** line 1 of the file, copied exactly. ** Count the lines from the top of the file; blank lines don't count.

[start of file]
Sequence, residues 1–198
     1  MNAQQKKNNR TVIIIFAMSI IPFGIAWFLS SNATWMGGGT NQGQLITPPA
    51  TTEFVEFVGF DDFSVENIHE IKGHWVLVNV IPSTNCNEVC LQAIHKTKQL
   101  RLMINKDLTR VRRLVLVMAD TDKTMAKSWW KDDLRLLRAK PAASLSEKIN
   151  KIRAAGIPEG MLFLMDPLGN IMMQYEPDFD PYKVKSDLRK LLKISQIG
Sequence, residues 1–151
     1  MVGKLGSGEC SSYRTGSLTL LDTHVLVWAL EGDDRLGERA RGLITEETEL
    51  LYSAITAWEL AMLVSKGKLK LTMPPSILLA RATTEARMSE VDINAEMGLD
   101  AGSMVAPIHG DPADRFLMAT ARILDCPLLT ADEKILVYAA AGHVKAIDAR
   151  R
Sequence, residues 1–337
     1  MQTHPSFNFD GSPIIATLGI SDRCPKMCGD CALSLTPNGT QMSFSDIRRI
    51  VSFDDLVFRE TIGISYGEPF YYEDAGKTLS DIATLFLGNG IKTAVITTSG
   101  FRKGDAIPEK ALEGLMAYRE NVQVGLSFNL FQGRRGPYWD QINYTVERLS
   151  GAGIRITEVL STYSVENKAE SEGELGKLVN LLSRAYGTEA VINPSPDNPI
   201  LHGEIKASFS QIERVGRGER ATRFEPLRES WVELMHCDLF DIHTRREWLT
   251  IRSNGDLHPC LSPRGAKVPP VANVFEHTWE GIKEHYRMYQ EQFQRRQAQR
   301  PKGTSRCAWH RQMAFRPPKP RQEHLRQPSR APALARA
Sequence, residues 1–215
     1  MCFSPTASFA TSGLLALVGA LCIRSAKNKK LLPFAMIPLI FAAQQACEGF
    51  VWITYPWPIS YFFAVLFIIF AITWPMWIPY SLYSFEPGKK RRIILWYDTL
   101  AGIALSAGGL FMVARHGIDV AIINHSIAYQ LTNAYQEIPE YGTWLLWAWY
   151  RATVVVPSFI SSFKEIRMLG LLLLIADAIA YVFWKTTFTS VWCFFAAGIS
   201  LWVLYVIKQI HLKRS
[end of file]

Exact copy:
Sequence, residues 1–198